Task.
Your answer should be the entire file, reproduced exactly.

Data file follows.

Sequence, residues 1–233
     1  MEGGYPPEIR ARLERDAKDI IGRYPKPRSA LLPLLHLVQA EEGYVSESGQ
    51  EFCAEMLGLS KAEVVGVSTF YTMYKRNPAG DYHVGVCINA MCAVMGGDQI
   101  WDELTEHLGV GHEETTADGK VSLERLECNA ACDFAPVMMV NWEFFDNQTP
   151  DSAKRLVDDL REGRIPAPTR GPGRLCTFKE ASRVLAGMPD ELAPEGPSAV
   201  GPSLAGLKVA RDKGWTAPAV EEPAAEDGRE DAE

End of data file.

Sequence, residues 1–233
     1  MEGGYPPEIR ARLERDAKDI IGRYPKPRSA LLPLLHLVQA EEGYVSESGQ
    51  EFCAEMLGLS KAEVVGVSTF YTMYKRNPAG DYHVGVCINA MCAVMGGDQI
   101  WDELTEHLGV GHEETTADGK VSLERLECNA ACDFAPVMMV NWEFFDNQTP
   151  DSAKRLVDDL REGRIPAPTR GPGRLCTFKE ASRVLAGMPD ELAPEGPSAV
   201  GPSLAGLKVA RDKGWTAPAV EEPAAEDGRE DAE